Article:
It’s high noon, and I’m waiting at the casually elegant Merchant Tavern, excited about my appointment with the establishment’s co-owner Jeremy Charles. The plan is to review four local examples of menswear trends and get his take on them.
Arriving in matching tweed jackets, he and his young son Hank greet me warmly, and usher me into the private dining room so we can talk in a quieter atmosphere, lunch and wine are ordered, and suddenly I’m relaxing and talking about clothes with one of the most laid back, friendly individuals I’ve ever met.
Not talking about clothes like trend-maddened shoppers at some fast fashion outlet, but instead with a thoughtful tone reminiscent of Dick Hebdige’s 1979 cultural studies classic Subculture: The Meaning of Style.
We started with a picture of a wool cardigan from Nonia, a store that happens to be among his favourites. “I love cardigans” says Jeremy. “My favourite things to wear are cardigans and sweater coats.” “And pyjamas,” our server Kate jokes as she hands us the sort of charcuterie plate that dreams are made of. Jeremy’s demeanor with his staff will continue to impress me over the meal. So will his strong sense of who he is and where he comes from.
Back to the subject of sweaters, the man has an obvious reverence for wool. He lightly touches his marled grey blue hat as he speaks of it as if there were talismanic powers within, able to bestow the graces of whatever ancestral dieties were responsible for keeping the chill of the cold salt air at bay for all the fisherman and sealers of our past.
It is knit of Scottish wool, he tells me, and is a shorter tuque style called a watchman’s cap, favoured by mariners, and one of his trademark items. He describes the cardigan as “the ultimate Newfoundland accessory,” adding that he never leaves home without a sweater and wool cap tucked in his backpack.
Cowboy shirts are the next order of business, and Jeremy likes the style for relaxed occasions. “I wouldn’t wear one of these everyday, but it’s nice to break out a fun shirt that feels right for the moment. If you wanna feel like a cowboy, wear a cowboy shirt.”
Hank looks up from his colouring book and lunch to tell me how much he likes the Western shirt his dad got for him. I find it beyond adorable that dad and son wear the same looks. The boy is clearly his dad’s ‘mini-me’, a point reinforced when Hank goes on to explain to me how much better pasta is when it’s made fresh from scratch.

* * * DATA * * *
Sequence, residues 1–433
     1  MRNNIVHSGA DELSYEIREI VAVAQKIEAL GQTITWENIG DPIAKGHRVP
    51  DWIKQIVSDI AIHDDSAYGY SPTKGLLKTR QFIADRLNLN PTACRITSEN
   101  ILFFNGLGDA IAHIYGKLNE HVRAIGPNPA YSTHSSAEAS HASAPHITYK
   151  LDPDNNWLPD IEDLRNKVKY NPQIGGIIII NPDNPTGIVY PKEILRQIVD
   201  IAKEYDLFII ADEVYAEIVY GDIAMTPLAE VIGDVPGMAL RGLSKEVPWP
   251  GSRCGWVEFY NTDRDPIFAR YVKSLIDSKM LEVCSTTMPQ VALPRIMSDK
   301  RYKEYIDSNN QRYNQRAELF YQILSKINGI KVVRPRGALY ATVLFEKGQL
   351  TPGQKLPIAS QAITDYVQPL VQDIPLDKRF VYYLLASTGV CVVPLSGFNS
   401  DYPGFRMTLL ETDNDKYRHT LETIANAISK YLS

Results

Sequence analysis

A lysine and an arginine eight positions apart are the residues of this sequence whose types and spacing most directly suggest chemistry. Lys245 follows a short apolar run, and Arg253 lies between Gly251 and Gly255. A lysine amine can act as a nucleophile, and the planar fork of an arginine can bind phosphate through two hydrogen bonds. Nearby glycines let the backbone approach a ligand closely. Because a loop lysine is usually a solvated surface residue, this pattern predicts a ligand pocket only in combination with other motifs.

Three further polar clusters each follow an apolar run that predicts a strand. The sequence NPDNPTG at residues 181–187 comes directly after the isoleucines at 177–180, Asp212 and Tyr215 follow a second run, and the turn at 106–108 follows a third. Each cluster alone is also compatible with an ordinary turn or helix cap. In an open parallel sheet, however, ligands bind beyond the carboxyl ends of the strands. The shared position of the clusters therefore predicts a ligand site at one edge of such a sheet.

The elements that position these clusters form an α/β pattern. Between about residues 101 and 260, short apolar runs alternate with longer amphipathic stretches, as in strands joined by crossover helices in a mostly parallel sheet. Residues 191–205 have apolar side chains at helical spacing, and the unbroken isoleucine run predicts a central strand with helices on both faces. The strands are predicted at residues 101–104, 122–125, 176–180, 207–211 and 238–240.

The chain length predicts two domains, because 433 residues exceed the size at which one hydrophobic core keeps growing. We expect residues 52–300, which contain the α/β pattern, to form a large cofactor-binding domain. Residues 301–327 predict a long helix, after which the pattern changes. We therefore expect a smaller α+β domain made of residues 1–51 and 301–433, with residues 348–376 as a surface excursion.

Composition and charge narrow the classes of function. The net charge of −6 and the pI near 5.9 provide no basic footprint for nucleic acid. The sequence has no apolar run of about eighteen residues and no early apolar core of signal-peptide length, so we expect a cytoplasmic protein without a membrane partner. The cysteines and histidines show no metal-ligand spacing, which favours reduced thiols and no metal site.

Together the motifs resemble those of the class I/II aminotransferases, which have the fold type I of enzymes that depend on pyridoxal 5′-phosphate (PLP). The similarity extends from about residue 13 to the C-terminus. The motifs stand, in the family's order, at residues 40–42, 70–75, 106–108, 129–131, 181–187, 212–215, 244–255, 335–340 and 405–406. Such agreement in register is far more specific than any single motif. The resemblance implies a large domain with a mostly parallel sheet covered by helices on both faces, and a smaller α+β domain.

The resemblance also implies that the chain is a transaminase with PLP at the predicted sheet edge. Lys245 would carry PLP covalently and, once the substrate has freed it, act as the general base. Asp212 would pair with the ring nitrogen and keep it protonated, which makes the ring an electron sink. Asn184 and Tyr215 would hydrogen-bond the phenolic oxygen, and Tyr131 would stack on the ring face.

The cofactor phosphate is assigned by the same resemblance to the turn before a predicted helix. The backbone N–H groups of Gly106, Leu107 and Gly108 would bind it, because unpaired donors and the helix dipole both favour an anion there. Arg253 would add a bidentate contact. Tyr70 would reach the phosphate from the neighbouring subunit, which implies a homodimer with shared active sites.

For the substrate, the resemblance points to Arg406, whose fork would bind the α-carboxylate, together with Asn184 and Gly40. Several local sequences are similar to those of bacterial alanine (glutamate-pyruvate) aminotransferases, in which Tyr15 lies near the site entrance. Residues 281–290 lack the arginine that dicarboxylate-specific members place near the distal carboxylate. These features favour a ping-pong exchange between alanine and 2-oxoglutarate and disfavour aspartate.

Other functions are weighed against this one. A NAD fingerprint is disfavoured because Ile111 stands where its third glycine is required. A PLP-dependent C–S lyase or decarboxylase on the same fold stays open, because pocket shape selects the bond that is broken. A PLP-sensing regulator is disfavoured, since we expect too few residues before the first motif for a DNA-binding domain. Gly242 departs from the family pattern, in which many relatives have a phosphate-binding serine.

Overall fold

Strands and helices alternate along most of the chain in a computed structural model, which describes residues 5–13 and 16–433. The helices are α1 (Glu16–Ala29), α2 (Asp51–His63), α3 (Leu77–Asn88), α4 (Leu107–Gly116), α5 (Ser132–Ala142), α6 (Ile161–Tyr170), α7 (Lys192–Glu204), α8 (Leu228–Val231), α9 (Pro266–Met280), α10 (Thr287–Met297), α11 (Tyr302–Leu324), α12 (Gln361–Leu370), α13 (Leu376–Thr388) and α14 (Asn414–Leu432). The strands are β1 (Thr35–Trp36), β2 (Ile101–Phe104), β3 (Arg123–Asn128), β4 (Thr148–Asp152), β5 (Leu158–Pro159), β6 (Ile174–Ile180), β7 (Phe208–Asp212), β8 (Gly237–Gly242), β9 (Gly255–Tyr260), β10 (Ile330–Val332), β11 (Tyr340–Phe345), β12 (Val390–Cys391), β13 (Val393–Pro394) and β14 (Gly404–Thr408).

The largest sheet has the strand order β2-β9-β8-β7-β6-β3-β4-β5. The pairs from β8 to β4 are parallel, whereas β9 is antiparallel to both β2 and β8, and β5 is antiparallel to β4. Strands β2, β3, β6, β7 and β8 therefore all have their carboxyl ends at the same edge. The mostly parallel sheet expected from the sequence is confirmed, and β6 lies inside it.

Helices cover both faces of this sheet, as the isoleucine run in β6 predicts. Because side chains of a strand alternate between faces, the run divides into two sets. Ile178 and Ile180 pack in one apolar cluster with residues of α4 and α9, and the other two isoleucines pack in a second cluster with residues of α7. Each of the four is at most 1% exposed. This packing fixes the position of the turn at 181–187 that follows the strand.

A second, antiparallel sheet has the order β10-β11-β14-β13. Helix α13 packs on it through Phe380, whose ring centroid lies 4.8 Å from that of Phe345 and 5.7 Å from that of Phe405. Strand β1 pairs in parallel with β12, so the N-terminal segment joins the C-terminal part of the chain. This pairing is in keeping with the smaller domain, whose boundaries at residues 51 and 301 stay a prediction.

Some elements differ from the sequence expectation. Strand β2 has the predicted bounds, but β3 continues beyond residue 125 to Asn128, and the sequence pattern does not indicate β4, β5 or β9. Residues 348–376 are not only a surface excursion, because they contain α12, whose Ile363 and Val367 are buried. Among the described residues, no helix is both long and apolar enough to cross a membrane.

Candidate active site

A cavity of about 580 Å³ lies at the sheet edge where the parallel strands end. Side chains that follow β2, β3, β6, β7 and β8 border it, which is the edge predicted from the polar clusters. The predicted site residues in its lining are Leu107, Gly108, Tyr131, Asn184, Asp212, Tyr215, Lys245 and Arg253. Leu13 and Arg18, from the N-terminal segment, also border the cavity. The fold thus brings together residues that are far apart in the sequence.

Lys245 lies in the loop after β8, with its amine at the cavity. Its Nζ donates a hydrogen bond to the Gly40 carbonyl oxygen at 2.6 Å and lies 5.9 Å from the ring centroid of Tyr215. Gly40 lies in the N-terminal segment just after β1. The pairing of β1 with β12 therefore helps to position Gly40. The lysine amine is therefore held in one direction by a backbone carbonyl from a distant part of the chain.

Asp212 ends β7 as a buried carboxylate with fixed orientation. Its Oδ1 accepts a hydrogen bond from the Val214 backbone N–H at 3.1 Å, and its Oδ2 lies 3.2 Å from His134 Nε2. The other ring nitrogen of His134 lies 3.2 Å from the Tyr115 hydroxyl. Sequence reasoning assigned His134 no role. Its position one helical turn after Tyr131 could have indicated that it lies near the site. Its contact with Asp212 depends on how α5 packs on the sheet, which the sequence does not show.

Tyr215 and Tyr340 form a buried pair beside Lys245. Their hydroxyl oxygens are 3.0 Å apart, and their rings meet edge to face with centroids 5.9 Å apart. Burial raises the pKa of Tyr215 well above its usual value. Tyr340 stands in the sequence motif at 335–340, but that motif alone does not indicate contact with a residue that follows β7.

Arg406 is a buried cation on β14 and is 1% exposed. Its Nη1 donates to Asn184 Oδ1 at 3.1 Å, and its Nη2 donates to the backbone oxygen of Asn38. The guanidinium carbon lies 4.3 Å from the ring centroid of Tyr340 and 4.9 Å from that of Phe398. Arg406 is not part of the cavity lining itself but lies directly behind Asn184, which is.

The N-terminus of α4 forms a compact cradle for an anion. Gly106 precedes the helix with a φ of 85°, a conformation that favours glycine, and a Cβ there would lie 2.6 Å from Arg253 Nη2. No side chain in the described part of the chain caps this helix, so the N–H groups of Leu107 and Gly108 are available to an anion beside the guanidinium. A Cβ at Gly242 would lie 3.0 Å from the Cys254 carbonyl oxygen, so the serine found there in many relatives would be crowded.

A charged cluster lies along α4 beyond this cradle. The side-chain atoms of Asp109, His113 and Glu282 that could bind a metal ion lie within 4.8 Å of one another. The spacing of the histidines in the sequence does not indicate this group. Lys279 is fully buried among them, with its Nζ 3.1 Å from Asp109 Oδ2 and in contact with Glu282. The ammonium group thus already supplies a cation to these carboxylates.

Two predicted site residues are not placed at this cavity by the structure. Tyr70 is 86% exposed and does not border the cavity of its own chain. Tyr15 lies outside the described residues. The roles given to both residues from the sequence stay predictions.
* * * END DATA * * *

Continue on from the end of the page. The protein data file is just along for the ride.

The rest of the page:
Our next subject leads us to a place where style and identity intersect, an identity born of place and of culture. Summertime seal is the look, and I have photos of seal belts and ties, fun pops of the texture for this warmer season.
“I have a pair of sealskin sneakers, which I love,” he informs me. “The seal harvest is a wonderful thing to celebrate, be it on your plate, on your feet, or as a belt around your waist. I even have a sealskin rug. We celebrate the harvest in my home. It’s a part of who we are and always will be. It’s important to celebrate the whole animal, not just the fur but the food as well.” We discuss this, and soon realize we both hail from the Old Perlican area, and may well be cousins.
Last in line is the colour trend of what I call “garden party tones.” Mint, seafoam, salmon, limoncello, and the king of them all this season, orange rind (which is just another word for peach, I’ve discovered).
His take on this is short and sweet. “I would never wear that in a million years,” then adding “but what the heck” and laughing when he realizes the item I have brought to photograph him in is a summery salmon t-shirt.
We all have our colours we feel right in, he explains to me, and for him it’s blues, greens, browns, and greys. The colours of the landscape he relates to so deeply.
I’m beginning to think of him as a Gerald Squires landscape painting come to life as a downtown chef. Searching for something nice to say about the colours he’s been presented with by me, he concedes they do make him think of his nan, which is nice.
“I prefer plaids and tweeds, though, I want to dress in a way that makes me think of the older times,” he concludes.
We sat for some time longer, discussing a love of wild foods and local produce, which comprise the heart and soul of his restaurants’ offerings. We talked of the loss of skills in using what is available locally, the importance of celebrating what this island has to offer, and of a tendency to destroy our jeans when out in the woods.
“I love lived -in Newfoundland apparel. I like to mix things in a casual way, like old jeans with a really nice shirt or tweed jacket”. This, I feel, is the essence of style, knowing who you are and presenting that visually in a way that fits your life.